The city is one of the best-preserved World Cultural Heritage Sites with much of the old town dating back to the 17th century. There are plenty of beautiful sites and points of cultural interest including religious buildings, art and sculpture, as well as the military hospital.

The city is safer than much of the rest of Ecuador and compares to London (or any other major city). Access to health care and education is excellent however pollution does remain a problem.

Being situated at such an altitude the temperature never really peaks above the late teens yet is stable all year round.

Quito is a popular destination for expats and, as such, there is a strong community here that welcomes new faces and actively encourages new arrivals to get involved in local groups.

Quito Compared to London

Thinking of moving to Quito?

Measure/Index London, England Quito, Ecuador
Ave. Summer Temp. 19oC 14oC
Ave. Winter Temp. 5oC 13oC
Cost of Living1 £4,500 per month £1,852 per month
Crime 47.24 (Moderate) 54.96 (Moderate)
Health Care 69.11 (High) 69.37 (High)
Pollution 56.35 (Moderate) 67.97 (High)
Traffic Commute Time 47.94 (High) 51.12 (High)
Quality of Live (higher is better) 121.87 103.10

1The cost of living index is worked out on an average cost including rent, transportation, utilities, groceries, entertainment and other incidentals.


A stunning view of Córdoba, Argentina

A stunning view of Córdoba, Argentina, image creative commons via Marina Balasini & Juan M

The world’s eight largest country, Argentina covers a huge range of landscapes from glacial lakes, the Andes mountains and the large grasslands upon which its cattle graze.

The country’s official language is Spanish although English is widely spoken in urban areas, particularly in the capital. There is even an area which speaks Welsh as its primary dialect!

Famous for its wine, football, beef and the Pope, Argentinians are a friendly but passionate people. They hold their country very dear and treasure the wealth of the nations cultural heritage.

Best Argentina City For Expats: Buenos Aires

The sprawl of expat-favourite Buenos Aires

The sprawl of expat-favourite Buenos Aires, image creative commons via Rodrigo Paredes

Attracting several million visitors each year the capital of Argentina, Buenos Aires is the most visited city in South America. There is no doubting its appeal with a diverse cultural and ethnic blend which encapsulates both Latin America as well as the best of international destinations like Paris, Los Angeles and Madrid. The city will get busier over the next few years as the infrastructure is put in placed for the 2018 Summer Youth Olympics as well as the G20 summit.

The metropolitan areas around the capital offer diverse communities and living accommodation with a huge variety in styles of architecture.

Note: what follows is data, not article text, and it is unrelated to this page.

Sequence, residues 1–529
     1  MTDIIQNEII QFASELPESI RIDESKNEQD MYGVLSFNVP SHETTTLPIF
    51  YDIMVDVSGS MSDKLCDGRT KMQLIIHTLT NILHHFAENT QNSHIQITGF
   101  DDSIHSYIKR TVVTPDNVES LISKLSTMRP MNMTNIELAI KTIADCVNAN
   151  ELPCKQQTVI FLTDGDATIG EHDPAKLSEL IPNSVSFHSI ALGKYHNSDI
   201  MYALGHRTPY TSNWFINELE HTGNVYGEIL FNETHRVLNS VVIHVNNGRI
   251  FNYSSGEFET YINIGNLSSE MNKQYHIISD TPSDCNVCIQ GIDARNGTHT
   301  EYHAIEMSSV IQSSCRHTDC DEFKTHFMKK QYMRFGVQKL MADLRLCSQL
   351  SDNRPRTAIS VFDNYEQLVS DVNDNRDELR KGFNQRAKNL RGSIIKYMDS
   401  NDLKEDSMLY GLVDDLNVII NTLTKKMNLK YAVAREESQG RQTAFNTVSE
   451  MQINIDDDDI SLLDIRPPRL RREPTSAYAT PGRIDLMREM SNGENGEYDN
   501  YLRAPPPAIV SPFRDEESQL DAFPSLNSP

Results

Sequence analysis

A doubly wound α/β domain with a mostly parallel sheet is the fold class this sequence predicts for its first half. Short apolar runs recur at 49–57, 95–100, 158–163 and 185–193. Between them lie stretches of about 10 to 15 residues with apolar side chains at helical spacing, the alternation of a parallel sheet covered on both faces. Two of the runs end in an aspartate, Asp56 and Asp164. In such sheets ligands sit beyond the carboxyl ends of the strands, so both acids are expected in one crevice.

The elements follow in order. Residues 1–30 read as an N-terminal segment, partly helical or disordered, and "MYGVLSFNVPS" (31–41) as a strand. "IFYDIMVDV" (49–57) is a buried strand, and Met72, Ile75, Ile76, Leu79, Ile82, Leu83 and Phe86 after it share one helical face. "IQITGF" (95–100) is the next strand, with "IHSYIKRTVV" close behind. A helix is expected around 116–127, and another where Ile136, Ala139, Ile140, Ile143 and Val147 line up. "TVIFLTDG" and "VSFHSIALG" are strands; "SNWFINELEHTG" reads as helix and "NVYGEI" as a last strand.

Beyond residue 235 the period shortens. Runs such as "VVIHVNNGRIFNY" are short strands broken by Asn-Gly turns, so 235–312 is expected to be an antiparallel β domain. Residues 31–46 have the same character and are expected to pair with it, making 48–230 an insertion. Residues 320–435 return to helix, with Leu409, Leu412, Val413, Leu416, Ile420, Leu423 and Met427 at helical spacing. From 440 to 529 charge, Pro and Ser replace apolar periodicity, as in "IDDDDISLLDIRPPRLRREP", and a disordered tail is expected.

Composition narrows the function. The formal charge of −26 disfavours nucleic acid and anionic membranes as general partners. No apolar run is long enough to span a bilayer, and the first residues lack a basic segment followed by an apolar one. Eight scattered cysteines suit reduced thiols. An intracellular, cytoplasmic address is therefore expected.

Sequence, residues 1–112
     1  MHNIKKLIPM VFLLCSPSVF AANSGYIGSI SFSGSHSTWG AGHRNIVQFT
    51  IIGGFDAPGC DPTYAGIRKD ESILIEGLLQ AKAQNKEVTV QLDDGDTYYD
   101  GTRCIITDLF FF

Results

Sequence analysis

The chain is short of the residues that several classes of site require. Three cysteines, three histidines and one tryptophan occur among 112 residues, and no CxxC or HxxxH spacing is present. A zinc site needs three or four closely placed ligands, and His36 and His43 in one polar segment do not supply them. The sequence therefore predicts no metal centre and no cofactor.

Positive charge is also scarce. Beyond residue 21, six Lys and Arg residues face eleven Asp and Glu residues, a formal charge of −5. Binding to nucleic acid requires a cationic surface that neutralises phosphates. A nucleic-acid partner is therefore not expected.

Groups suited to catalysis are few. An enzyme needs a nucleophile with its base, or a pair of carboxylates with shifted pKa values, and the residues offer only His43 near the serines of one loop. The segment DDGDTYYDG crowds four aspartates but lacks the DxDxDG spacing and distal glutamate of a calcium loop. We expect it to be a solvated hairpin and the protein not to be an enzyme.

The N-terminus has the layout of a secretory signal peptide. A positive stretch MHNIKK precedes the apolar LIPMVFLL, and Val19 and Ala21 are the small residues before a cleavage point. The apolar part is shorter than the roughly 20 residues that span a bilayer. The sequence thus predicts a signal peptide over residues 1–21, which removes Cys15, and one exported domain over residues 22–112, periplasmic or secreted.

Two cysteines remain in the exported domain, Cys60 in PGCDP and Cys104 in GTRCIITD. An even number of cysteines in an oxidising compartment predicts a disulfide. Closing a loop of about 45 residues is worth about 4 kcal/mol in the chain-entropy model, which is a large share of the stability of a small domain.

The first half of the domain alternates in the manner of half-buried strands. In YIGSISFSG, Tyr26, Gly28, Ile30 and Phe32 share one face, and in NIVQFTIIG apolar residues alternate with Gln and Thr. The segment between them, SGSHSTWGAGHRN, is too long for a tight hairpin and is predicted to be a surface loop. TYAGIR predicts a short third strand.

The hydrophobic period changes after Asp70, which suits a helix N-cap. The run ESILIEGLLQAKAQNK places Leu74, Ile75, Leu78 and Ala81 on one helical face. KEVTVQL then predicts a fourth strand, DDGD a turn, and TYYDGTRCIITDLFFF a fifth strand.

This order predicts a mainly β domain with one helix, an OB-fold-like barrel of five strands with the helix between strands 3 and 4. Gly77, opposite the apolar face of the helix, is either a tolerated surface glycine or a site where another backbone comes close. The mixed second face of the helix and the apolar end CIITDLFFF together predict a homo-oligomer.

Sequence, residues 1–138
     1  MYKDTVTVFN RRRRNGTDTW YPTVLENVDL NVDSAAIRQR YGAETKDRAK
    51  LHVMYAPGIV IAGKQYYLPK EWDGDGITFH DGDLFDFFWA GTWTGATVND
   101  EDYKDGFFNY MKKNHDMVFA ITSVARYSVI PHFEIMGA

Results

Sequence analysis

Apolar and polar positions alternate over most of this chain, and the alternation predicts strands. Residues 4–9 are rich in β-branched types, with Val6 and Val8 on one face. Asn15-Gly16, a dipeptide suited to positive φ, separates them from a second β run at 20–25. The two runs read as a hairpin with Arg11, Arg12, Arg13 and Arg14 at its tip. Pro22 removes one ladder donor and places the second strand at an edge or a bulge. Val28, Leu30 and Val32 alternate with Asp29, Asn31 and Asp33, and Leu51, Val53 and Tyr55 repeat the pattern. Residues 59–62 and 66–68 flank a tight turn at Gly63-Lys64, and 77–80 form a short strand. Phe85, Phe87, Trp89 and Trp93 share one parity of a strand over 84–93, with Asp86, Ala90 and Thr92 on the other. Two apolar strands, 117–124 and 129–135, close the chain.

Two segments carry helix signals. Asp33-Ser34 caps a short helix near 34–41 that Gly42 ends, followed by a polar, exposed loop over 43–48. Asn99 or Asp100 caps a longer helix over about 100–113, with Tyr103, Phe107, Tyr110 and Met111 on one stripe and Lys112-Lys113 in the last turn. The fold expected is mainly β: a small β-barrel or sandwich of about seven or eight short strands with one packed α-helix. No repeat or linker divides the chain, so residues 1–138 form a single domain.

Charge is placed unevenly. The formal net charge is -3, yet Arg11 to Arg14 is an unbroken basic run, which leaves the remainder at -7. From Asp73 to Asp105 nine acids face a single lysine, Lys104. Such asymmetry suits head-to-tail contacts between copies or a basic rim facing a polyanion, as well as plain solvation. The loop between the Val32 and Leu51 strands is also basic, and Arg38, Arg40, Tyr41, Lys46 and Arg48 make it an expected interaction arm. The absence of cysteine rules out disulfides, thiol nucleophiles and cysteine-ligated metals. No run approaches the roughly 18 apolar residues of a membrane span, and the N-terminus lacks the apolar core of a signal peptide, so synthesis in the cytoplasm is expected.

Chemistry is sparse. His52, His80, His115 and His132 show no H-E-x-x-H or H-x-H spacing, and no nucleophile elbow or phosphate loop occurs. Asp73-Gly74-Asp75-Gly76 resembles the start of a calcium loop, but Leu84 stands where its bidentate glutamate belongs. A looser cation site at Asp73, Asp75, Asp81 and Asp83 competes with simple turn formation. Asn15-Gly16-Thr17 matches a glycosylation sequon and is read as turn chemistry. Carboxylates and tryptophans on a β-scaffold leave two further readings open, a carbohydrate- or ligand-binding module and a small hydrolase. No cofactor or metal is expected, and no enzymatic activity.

There’s little wonder why so many expats call the city and its surrounds home when you consider all the community and landscape has to offer.

In terms of quality of life, citizens of Buenos Aires enjoy a higher quality than those in London.

Buenos Aires Compared to London

Thinking of moving to Buenos Aires?

Measure/Index London, England Buenos Aires, Argentina
Ave. Summer Temp. 19oC 25oC
Ave. Winter Temp. 5oC 12oC
Cost of Living1 £4,500 per month £2,192 per month
Crime 47.24 (Moderate) 60.91 (High)
Health Care 69.11 (High) 72.66 (High)
Pollution 56.35 (Moderate) 61.11 (High)
Traffic Commute Time 47.94 (High) 43.11 (Moderate)
Quality of Live (higher is better) 121.87 130.14

1The cost of living index is worked out on an average cost including rent, transportation, utilities, groceries, entertainment and other incidentals.


The landmark Carrasco Casino hotel in Uruguay's capital

The landmark Carrasco Casino hotel in Uruguay’s capital, image creative commons via Marcelo Campi.

Nestled between Argentina and Brazil and bordering Paraguay, Uruguay is a blend of two ecologies; coastal beaches with rocky headlands fringed by the south Atlantic Ocean and an interior of low hills, verdant and productive. There are lakes, swamps, rivers and lagoons which break up the green of this otherwise featureless landscape. There are no mountains or volcanoes.

The official language is Spanish with Portuguese and English also being widely spoken.

Best Uruguay City For Expats: Montevideo

Montevideo, one of the most popular expat cities in South America

Montevideo, one of the most popular expat cities in South America, image creative commons via Jimmy Baikovicius

The inhabitants of Montevideo have an exceptionally high quality of life and enjoy a thriving economy. The city is home to half of the population of the country and is a bustling community of entrepreneurs, creative talents and students.

The capital has a reputation as being the ‘Switzerland of Latin America’ and is home to many private banks and large international institutions. Employment is good, prospects are high and there is plenty to commend both living and working in and around the city.

Montevideo Compared to London

Thinking of moving to Montevideo?

Measure/Index London, England Montevideo, Uruguay
Ave. Summer Temp. 19oC 24oC
Ave. Winter Temp. 5oC 11oC
Cost of Living1 £4,500 per month £2,517 per month
Crime 47.24 (Moderate) 56.25 (Moderate)
Health Care 69.11 (High) 67.24 (High)
Pollution 56.35 (Moderate) 57.78 (Moderate)
Traffic Commute Time 47.94 (High) 51.78 (High)
Quality of Live (higher is better) 121.87 110.07

1The cost of living index is worked out on an average cost including rent, transportation, utilities, groceries, entertainment and other incidentals.


A sunset in the mountains of Puesta de Sol en Farellones in Chile

Sunset in the mountains of Puesta de Sol en Farellones in Chile, image creative commons via Max Besser Jirkal

One of the most stable nations in South America, Chileans speak Spanish but English is also widely adopted as standard.